With a hectic match schedule and, training pitches and a busy academy, Derby County's Head Groundsman Andy Croft has his work cut out keeping the turf in top condition at Pride Park, home to the Championship side since 1997.
Andy has been using British Seed Houses to supply his seed for just over a year.
"When I came to the club in 2006, I carried on with the seeding programme that my Predecessor Mark Robinson had used," he explains. "But after discussions with Paul Moreton the Technical Sales Representative at British Seed Houses I decided to give their mixtures a try - they have a good reputation and are competitively priced."
He first trialled A999 Rescue mix, a blend of A20 Premier Ryesport and Annual Ryegrass for winter repair and was immediately impressed. "I wish I had 'before' and 'after' photos - I only have them from before, but the difference was dramatic," he says.
Andy then decided to use the company's seeds for his regular overseeding programme - goal mouths have seed applied on a regular basis throughout the season, and major renovations start in late April on the training pitches, with a start date of 23rd May for the stadium giving a tight window before the autumn fixtures begin.
Paul comments, "Every time I visit Andy he reels off a long list of his coming fixtures, there are many extra games over and above the first team schedule, which only accentuates the effort put in to produce the excellent surface at Pride Park. This reflects back to the decisions Andy makes in March and April regarding the pre-season maintenance schedule and product selection. I get a lot of satisfaction form Andy's enthusiasm when we walk over the pitch as he highlights the recovery and growth of the A20 throughout the whole season."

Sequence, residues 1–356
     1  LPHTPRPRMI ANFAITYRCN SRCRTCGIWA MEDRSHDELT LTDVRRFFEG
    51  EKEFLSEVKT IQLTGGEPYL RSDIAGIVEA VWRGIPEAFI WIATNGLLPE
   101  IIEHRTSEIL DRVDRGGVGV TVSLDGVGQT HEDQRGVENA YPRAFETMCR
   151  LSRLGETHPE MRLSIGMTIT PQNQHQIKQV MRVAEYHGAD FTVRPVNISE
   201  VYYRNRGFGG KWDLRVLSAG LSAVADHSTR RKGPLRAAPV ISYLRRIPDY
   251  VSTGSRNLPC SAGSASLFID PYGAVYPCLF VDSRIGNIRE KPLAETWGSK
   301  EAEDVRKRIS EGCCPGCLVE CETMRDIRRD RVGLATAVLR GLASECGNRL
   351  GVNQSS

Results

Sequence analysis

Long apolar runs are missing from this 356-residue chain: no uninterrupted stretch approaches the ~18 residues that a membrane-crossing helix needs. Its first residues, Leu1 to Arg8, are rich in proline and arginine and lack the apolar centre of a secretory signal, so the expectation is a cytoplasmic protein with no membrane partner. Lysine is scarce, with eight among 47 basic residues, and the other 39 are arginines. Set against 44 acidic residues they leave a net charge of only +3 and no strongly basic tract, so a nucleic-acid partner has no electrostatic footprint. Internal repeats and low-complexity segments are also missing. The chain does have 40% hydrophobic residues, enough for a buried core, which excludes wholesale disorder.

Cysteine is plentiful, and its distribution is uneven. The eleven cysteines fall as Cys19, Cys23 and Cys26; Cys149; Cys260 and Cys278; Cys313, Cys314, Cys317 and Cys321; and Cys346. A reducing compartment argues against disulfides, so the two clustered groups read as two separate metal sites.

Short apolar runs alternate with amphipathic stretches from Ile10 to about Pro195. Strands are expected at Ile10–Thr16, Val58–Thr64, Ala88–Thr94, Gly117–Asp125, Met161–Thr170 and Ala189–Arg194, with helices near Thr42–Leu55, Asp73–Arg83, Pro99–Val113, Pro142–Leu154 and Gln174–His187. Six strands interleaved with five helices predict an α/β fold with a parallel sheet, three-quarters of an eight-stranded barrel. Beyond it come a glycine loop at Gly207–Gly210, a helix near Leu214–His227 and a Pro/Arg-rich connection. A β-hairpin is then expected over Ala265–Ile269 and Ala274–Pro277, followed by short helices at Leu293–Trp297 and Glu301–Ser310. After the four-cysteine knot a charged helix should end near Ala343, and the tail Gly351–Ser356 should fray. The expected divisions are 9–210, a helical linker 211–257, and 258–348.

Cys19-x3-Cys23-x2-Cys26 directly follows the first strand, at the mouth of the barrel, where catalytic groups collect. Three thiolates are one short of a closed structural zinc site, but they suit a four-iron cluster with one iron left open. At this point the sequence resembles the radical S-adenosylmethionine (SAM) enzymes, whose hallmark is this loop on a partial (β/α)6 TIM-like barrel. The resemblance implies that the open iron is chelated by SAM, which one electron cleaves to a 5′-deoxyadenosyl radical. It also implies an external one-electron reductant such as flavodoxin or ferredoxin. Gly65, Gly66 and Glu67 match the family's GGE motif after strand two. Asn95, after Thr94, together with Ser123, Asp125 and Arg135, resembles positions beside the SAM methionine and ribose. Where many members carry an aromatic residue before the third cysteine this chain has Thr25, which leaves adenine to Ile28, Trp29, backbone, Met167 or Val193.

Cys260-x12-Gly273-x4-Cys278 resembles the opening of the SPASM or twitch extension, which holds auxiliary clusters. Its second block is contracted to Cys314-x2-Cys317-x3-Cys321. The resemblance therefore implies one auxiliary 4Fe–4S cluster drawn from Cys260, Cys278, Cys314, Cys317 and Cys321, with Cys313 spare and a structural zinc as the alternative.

Pitches are stripped and cultivated before seeding, with 21 bags of A20 Premier Ryesport from a 30 bag delivery applied, leaving nine for in-season repairs at the stadium, and 100 bags on the training pitches.
The Academy at Moor Farm is seeded with 30 bags of A30 Rapid Sport Renovator mix, which draws upon the qualities of Cadix and Carnac to produce a hard wearing sward to cope with the busy schedule for up and coming footballers.
"Germination is really quick, with seeds coming through in six or seven days and after 12 days we start rolling to encourage tillering," Andy comments. " The fine leaf and good root development is useful at this ground as we have struggled to get roots down through the pan - this year we are planning deeper cultivations to give them a better chance."
Like many leading clubs, Derby County uses lights to encourage growth and recovery after matches and Andy employs a carefully judged nutrient programme to help the turf perform right through the long season.
"We do everything we can to give the grass the best growing conditions possible, from mowing with a rotary in the winter to keep weight off the pitch to applying fertiliser every 14 days. But there is no doubt that using the best grass mixtures available is also key to producing pitches of Championship standard," he says.